English-speaking kid in an Italian neighborhood, and soon became accepted
by the community. He did little jobs for mobsters from the age of 11, as
they tipped well. He became known as a kid who wouldn't give up anybody,
who could be relied upon.. He had his first car at age 14. 
         After his service in Laos, the CIA recruited him to train
Cubans. He also raced stock cars. He loved Nicoletti, who was quiet and
deadly. Rosselli was flashy, talked too much, loud, boisterous. Giancana
was a lovable old man, but like a bulldog if you crossed him. Aside from
Nicoletti, the other person he has been closest to is still alive, in his
80s. David Atlee Phillips was cool, good-natured, and once told him he
could "kill more people with a typewriter than you can" with a machine
gun.
         Lee Oswald was very intelligent, very quiet, and led a secluded
life.  Files believes Oswald planted evidence on November 22, but fired
no shots. From what he knew of Oswald, he didn't believe Oswald would be
a shooter. He never saw Oswald fire a weapon. Although Oswald didn't have
a driver's license, he knew how to drive. Files didn't know why he went
to Russia, but assumed the government was involved. 
         Files stated that he didn't want to be a part of history. He
hadn't picked the target. He just followed orders. He would rather no one
had ever found him, and hoped they would forget about him. He didn't
think people watching this interview on TV would believe him. 
        Nicoletti hit JFK in the back of the head, Files hit JFK in the
right temple. Files was "known for head shots." He declined to say how
many people he had killed. He said the two great lies were religion and
history. He said history was a self-serving account by a country to
conceal its selfish motives. Religion killed more people than wars.
         "I never disobeyed an order." Besides, he said, nobody he knew
really liked Kennedy, including military, Secret Service and FBI people;
history later called him great because that's what they say about
Presidents. 
         Files worshipped Nicoletti. Nicoletti was strictly Mob. Rosselli
worked with both CIA and Mob. Files was told that Nicoletti was dirty,
that he had talked, but he never believed it, especially as Nicoletti had
given him his diary to hide. He said the government kills people, without
question. He doesn't know who killed Nicoletti: if he had, he would have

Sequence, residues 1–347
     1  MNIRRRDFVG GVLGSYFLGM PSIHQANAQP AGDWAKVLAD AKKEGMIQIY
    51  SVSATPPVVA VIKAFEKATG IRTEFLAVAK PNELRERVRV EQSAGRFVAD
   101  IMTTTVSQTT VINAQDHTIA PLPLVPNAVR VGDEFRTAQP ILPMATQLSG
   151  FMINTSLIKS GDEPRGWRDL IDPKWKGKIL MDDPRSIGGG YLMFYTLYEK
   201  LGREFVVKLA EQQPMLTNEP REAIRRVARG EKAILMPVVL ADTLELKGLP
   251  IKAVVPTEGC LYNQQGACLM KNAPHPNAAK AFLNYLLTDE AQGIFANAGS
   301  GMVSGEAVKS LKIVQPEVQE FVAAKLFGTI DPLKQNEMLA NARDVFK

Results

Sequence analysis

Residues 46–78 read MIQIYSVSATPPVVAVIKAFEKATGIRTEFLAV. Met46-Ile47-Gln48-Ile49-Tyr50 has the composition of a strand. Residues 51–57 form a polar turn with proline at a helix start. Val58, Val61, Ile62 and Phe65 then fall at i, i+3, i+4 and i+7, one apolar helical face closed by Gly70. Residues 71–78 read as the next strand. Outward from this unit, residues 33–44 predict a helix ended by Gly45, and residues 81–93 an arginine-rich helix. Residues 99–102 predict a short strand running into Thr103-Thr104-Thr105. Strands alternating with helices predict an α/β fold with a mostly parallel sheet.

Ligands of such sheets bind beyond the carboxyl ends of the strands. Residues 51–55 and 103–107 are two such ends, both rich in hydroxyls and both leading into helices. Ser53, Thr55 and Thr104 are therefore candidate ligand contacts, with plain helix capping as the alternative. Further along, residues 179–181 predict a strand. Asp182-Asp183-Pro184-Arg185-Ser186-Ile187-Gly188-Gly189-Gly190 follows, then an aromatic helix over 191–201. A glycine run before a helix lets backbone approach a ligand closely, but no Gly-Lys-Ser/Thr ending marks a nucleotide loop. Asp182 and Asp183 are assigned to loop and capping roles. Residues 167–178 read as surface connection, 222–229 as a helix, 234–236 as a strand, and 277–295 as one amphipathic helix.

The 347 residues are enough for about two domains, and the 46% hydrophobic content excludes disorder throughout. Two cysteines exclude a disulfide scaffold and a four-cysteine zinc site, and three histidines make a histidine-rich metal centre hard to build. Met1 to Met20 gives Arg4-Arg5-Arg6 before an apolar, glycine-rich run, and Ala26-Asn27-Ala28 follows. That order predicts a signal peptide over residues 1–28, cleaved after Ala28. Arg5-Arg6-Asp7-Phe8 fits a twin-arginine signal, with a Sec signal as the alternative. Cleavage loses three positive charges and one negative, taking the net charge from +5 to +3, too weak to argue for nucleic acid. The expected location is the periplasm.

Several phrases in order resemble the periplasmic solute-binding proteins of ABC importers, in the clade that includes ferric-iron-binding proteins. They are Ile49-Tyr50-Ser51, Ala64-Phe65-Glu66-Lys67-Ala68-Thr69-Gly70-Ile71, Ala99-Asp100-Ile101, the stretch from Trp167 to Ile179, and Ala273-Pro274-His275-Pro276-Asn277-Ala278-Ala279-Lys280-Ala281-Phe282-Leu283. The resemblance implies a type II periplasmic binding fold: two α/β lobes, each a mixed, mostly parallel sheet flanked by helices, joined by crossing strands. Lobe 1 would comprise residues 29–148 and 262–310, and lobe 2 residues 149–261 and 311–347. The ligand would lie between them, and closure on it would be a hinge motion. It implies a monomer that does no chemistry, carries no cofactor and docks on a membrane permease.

gone after them. He wasn't afraid of death, only of failure to complete
whatever he set out to do. 

Epilogue: Deaths of Giancana, Rosselli, Nicoletti. The FBI dismisses the
credibility of Files' confession.. 

PROBLEMS with the James Files "Confession":
1)  David Atlee Phillips, CIA propaganda expert, would seem an unlikely
case officer for a Mob driver and hit man on No Name Key. This seems to
be an attempt to tie Files credibly in with Oswald (the Veciana sighting
in Dallas of Oswald and Phillips, as Bishop, together), but is doubtful.
Also, although John Rosselli was active in Florida preparations for the
Bay of Pigs, it is likely that someone other than Phillips introduced him
to Files, if Files was at No Name Key. The only thing that sounds much
like the real Phillips is the quote near the end about the power of the
typewriter.
2)  Lee Harvey Oswald as tour guide. 
3)  The plaid reversible coat and the bitten shell casing seem, on the
surface, to provide confirmation, but both were details known prior to
Files telling his story to anyone. I had heard about the shell well
before Files says the fact that it was bitten was discovered (he says
1994). Some people seem to have confused the bitten casing found in the
Plaza with the dented casing found in the Depository-these are two
separate shell casings. 
4)  In connection with Oswald, Clinton and gun-running, David Atlee
Phillips again seems inserted artificially into the story here. Oswald
and Ruby were both connected to New Orleans people involved in
gun-running, but inserting Phillips into the Clinton story is, again,
highly doubtful. This is not to say Phillips' role was an innocent one,
just that Files seems to be inventing things, or perhaps he was fed
inventions. 
5)  Files overlooks the fact that the Elm Street crowd was
well-photographed. Frank Sturgis was not among the crowd; nor at that
point was Eugene Brading in that area; nor was Jack Ruby on the sidewalk
below the knoll. None of this is difficult to check. All the relevant
photos are in Groden and Trask. 
6)  The Secret Service man on the knoll now becomes two men in suits
turning people away. There were men turning people away in the area
BEFORE the assassination, but not after. It sounds as though Files
flubbed some of his borrowed details. 
7)  He HAD documentary evidence, but he destroyed most of it. How
convenient. 
My guess is that Files was, indeed, Charles Nicoletti's driver, and was
involved in the preparations for the Bay of Pigs, but that he is also a
good con artist, skillled at blending fact and fiction, which I what I
believe he has done here.